The productivity of knowledge mobilisation, knowledge capitalisation and product-related firm transmutation: exploring the case of small-scale garment-makers in Nairobi, Kenya

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Abstract

Highlighting the limitations of R&D, this paper champions design activity as the phenomenon that captures knowledge mobilisation at the firm level, especially amongst small firms in developing countries. Still, knowledge becomes a capital (factor input) proper when employed in production. Volumes of new products sold could suggest the market value of utilised knowledge capital the same way the resale value of plant and equipment often approximates the stock of physical capital. Conversely, shares of sales of new products arguably capture an altogether different phenomenon: product-related firm transmutation. Findings suggest that the deeper utilisation of knowledge has significant productivity effects and supersedes mere mobilisation of knowledge. Further, undergoing transmutation towards the production of more of new products relative to incumbent products has no significant relationship with labour productivity. Firms should therefore prioritise the deeper exploitation of given new knowledge rather than potentially prodigal shifts in production towards new products as such.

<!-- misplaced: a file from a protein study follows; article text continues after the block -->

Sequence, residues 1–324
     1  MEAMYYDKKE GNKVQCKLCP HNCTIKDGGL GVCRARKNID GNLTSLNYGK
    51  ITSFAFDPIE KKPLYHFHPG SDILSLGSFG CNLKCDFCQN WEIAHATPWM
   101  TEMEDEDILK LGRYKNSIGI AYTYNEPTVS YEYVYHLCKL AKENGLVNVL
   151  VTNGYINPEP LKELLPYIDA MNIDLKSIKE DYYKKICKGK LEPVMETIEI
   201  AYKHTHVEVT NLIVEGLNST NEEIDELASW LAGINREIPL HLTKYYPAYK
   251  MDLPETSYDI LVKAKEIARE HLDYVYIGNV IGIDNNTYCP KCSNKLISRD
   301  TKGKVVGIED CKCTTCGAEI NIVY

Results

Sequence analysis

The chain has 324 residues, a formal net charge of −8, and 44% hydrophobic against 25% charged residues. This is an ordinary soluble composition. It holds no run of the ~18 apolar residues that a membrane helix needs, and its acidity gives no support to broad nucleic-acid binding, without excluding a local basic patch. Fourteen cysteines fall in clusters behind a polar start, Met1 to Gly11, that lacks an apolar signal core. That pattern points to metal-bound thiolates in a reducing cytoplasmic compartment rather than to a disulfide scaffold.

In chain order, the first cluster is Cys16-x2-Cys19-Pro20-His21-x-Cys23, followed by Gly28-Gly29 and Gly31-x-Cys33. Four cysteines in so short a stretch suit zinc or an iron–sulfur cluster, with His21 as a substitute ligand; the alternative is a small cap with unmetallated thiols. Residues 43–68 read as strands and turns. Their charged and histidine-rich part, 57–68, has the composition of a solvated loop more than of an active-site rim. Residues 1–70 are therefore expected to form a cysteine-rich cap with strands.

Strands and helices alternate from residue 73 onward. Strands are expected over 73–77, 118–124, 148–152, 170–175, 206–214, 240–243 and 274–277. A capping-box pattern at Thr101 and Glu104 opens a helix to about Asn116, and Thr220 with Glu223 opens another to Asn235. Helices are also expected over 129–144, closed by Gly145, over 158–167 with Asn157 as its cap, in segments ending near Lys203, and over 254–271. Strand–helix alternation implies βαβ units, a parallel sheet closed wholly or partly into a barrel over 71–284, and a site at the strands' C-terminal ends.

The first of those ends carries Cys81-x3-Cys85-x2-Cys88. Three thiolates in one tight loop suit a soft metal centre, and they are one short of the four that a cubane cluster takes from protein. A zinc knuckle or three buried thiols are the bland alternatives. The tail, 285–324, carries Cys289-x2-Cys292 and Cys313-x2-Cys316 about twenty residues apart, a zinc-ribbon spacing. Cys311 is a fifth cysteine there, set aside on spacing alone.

Original languageEnglish
Number of pages20
JournalIndustry and Innovation
DOIs
Publication statusPublished - 13 Jun 2016

Keywords

  • knowledge
  • developing countries
  • micro and small enterprises
  • firm performance
  • design

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